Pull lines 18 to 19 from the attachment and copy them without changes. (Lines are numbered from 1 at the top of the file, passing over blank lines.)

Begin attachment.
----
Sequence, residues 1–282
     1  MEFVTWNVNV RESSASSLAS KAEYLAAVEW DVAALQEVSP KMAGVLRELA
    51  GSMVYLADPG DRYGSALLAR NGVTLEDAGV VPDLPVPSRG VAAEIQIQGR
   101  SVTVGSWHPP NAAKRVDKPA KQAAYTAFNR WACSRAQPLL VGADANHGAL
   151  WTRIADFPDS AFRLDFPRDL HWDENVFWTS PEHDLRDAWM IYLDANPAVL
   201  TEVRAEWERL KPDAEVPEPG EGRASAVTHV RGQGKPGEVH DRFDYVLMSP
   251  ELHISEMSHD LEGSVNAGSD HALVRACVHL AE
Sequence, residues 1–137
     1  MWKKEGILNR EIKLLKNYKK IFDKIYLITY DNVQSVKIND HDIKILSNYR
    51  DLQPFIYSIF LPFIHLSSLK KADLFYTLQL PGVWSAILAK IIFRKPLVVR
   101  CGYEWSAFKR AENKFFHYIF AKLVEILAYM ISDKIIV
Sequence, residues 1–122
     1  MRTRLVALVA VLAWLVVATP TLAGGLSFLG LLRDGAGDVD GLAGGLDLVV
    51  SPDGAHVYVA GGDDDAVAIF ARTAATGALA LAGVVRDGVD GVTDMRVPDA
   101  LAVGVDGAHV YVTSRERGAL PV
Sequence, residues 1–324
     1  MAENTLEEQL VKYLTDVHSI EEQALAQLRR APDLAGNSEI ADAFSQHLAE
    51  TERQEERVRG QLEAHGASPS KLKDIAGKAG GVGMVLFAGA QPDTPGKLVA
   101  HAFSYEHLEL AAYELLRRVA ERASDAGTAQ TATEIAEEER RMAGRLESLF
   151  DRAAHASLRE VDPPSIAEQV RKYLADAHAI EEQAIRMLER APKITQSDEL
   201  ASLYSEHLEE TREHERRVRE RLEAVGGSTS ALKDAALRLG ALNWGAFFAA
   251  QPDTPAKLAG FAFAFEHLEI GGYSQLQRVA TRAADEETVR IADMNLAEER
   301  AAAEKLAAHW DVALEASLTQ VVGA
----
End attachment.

    51  TERQEERVRG QLEAHGASPS KLKDIAGKAG GVGMVLFAGA QPDTPGKLVA
   101  HAFSYEHLEL AAYELLRRVA ERASDAGTAQ TATEIAEEER RMAGRLESLF